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Election 2000: Presidential Race Too Close to Call; Hillary Clinton Headed for the SenateAired November 8, 2000 - 7:24 a.m. ET
THIS IS A RUSH TRANSCRIPT. THIS COPY MAY NOT BE IN ITS FINAL FORM AND MAY BE UPDATED.
CAROL LIN, CNN ANCHOR: Daylight breaking over the White House, where the staff is likely try to figure out if they are going to be redecorating in Bush red or Gore blue. The presidential race is still close to call, as we wait for the state of Florida to recount its votes.
Also, things changing on Capitol Hill as we take a look at the balance of power in Congress -- changing, but not by that much. The GOP keeps control of the House. Most incumbents won easily. A few seats changed party hands. Republicans now hold 223 prior to the election to Democrats' 210. Now, two hours ago, Democratic challenger Adam Schiff beat GOP incumbent James Rogan in Southern California's 27th Congressional District, known as Pasadena, California, where the demographic has shifted from a predominately Republican district to a more Democratic profile. Rogan, as you might recall, was one of the House managers during the Clinton impeachment battle.
Republicans, though, appear to keep control of the Senate with five incumbents being tossed out. Previously at stake: 19 seats for the Republicans, 15 for the Democrats. Wisconsin and Michigan are still undecided.
However, in the state of Washington, CNN earlier projected Democrat Maria Cantwell the winner over incumbent Republican Slade Gorton. That race now too close to call. You might recall that Maria Cantwell is the dot.com executive who's spent $7 million of her own money in this Democratic race.
LEON HARRIS, CNN ANCHOR: That's right. And that is just one of many, many races last night that produced some incred -- some very interesting stories. You know, of course, the presidential race and the closeness of it is historic. However, that does not mean that we can overlook what's being made -- the history that's being made, that is, in the Senate this morning.
LIN: That's right. For the first time, a first lady will become a United States senator. Now, consider this: Senator Hillary Rodham Clinton of New York, declared the winner, defeats Rick Lazio.
HARRIS: Let's take a look at the numbers that were involve in this race, if we can bring that particular graphic up. Do we have the graphic for the numbers? There we go. She did it rather soundly. Hillary Rodham Clinton coming in with 56 percent of the vote in New York. And Rick Lazio, now the former congressman Rick Lazio, coming in with 44 percent of the vote in New York. And that's with 99 percent of the precincts reporting.
LIN: That's right. Women making the big difference in that race, coming out for the first lady.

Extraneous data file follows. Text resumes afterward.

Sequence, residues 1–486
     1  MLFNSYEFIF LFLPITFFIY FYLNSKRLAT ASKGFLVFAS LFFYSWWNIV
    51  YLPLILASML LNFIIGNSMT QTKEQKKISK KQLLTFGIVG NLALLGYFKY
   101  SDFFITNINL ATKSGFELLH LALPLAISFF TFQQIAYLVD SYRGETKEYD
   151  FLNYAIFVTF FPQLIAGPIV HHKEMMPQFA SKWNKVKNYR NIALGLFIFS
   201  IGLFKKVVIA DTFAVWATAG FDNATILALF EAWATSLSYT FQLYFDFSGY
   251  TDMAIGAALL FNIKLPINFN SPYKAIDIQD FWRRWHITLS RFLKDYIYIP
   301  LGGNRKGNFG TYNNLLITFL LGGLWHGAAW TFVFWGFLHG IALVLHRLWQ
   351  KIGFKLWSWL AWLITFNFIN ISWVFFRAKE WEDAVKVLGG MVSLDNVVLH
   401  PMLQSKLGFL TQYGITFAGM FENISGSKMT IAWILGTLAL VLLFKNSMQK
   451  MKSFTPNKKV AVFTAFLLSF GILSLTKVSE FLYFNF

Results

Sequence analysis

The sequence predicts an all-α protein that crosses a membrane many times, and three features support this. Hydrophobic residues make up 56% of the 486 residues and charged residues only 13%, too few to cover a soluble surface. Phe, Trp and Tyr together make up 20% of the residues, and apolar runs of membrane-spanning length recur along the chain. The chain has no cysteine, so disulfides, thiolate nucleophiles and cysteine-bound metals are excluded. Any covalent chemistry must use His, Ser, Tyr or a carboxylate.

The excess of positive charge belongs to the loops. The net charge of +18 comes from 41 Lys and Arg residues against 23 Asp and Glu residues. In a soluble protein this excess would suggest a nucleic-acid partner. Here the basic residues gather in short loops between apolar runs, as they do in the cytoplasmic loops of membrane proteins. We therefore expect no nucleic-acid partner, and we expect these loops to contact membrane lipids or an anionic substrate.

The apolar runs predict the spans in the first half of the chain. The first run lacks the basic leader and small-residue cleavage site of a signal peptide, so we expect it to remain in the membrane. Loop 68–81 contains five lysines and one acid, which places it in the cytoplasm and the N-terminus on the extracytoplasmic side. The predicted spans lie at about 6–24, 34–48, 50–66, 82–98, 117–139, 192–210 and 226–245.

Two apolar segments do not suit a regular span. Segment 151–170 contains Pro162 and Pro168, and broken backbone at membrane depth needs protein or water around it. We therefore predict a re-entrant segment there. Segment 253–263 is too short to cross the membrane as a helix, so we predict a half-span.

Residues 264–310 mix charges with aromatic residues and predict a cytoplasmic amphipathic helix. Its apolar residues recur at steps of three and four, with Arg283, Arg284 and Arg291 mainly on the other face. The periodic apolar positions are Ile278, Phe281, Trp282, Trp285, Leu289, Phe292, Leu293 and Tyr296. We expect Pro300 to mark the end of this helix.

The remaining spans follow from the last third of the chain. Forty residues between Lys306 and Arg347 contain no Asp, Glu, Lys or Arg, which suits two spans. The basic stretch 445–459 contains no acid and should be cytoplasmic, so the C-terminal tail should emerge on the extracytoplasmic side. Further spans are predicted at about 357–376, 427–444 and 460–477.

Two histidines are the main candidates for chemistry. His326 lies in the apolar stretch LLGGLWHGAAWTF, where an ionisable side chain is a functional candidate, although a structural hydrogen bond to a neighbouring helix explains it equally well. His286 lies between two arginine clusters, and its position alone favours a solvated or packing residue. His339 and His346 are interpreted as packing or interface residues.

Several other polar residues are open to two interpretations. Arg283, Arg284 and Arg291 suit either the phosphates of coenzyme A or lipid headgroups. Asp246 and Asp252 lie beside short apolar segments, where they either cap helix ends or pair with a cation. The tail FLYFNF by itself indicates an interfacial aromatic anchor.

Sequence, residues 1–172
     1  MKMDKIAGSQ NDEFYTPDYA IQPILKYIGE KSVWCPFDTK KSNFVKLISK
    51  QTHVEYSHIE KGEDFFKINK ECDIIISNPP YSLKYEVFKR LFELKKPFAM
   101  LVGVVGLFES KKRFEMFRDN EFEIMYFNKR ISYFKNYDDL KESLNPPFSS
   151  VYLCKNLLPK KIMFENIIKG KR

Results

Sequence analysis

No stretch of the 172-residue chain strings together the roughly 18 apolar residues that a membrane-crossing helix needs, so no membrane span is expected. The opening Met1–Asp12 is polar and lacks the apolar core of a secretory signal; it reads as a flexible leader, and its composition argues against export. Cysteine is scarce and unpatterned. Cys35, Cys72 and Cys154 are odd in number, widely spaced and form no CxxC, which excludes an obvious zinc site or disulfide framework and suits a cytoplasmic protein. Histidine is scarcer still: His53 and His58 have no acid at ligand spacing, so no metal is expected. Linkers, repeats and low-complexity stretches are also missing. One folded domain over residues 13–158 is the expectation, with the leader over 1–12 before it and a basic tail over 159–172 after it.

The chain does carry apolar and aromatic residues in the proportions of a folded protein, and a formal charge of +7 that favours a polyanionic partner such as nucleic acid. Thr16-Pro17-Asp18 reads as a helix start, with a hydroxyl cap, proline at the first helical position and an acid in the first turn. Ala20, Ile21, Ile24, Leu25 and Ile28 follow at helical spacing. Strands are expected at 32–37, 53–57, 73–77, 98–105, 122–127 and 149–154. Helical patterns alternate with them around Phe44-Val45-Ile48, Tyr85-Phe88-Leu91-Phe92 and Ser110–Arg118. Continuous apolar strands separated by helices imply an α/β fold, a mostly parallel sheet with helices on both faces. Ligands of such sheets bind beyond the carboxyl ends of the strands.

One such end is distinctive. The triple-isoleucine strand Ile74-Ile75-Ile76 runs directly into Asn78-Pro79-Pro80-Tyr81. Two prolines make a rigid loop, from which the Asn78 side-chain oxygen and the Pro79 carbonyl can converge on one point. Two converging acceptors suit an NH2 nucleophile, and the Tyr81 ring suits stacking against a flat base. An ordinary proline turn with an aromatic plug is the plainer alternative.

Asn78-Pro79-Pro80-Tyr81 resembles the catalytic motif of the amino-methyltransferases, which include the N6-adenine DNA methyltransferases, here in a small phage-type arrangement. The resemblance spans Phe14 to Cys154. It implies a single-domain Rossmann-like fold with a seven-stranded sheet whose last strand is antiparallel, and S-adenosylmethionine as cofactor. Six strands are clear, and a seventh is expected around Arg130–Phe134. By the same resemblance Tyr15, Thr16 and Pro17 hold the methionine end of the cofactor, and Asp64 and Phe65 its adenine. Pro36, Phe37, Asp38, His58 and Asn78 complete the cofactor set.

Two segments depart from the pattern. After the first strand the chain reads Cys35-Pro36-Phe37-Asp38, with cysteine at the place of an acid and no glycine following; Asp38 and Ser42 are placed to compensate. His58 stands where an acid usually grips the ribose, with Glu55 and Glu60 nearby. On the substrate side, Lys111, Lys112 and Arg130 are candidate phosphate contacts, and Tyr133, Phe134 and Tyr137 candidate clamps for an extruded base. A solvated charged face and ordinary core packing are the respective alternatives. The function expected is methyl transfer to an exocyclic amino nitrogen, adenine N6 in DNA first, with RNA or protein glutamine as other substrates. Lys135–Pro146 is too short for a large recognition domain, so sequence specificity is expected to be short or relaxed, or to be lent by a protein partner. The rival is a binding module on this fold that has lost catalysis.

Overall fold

Now, let's take a look at that race, a more close -- a closer look at it. CNN's Frank Buckley is in New York, covering reaction to the election of Senator-elect Clinton -- Frank.
FRANK BUCKLEY, CNN CORRESPONDENT: Good morning, Carol.
Polls show that Mrs. Clinton was expected to win this race. And in fact, Mrs. Clinton did. But no one expected this margin of victory to be double digits.
BUCKLEY (voice-over): It was Hillary Clinton's night. President Clinton, the spouse in the background, on this election night, as the first lady thanked New York voters for electing her to the U.S. Senate.
HILLARY RODHAM CLINTON (D) NEW YORK SEN. ELECT: And I am determined to make a difference for all of you.
BUCKLEY: Hillary Clinton's quest for a Senate seat concluding with a run-away victory over her Republican opponent, Congressman Rick Lazio.
REP. RICK LAZIO (R), FMR. N.Y. SEN. CANDIDATE: I feel like the Mets. We came in second.
BUCKLEY: Lazio largely ran as the anti-Hillary. The congressman conceding defeat, however, in a phone call to the first lady.
LAZIO: I congratulated her. And it's time for us -- it's time for us to hold our heads up high and to unify our state and to stand together.
BUCKLEY: Mrs. Clinton put together a successful formula in capturing the Senate seat, winning three-quarters of the vote in New York city, and doing extremely well upstate, with a double-digit win in the urban areas there, while running respectively in the traditionally Republican rural areas. Mrs. Clinton thanking the voters she courted for 16 months.
CLINTON: You taught me, you tested me, and you shared with me your challenges and concerns.
BUCKLEY: It was a race that resembled a brawl at times, but Mrs. Clinton told Democrats it was time to move on.
CLINTON: Today, we voted as Democrats and Republicans; tomorrow, we begin again as New Yorkers. BUCKLEY: The first lady saying she was overwhelmed by the support she had received.
CLINTON: And I will work my heart out for the next six years for all of you. Thank you, thank you, thank you. And God bless ...
BUCKLEY: And so, while on the -- in the presidential race, it was a photo finish. The New York newspapers, "Daily News" here in particular, had a safe bet in their early edition front cover in the other major political story here in New York, "Capitol Hill" is how they played it in the "Daily News" late last night when they first came out with this first edition.
Later today, at around noon Eastern, Mrs. Clinton is expected to have a news conference. After that, we are not quite sure what she's going to be doing. I actually had the pleasure of waking up one of the press secretaries this morning, who made the unfortunate mistake of leaving her cell phone on this morning. So we are not sure what she'll be doing the rest of the day. But at noon, we are expecting to hear from Mrs. Clinton -- Carol.
LIN: And nobody is sleeping. All right, thanks so much, Frank.
HARRIS: She will be spending the rest of the day throwing that cell phone out of a window somewhere no doubt.
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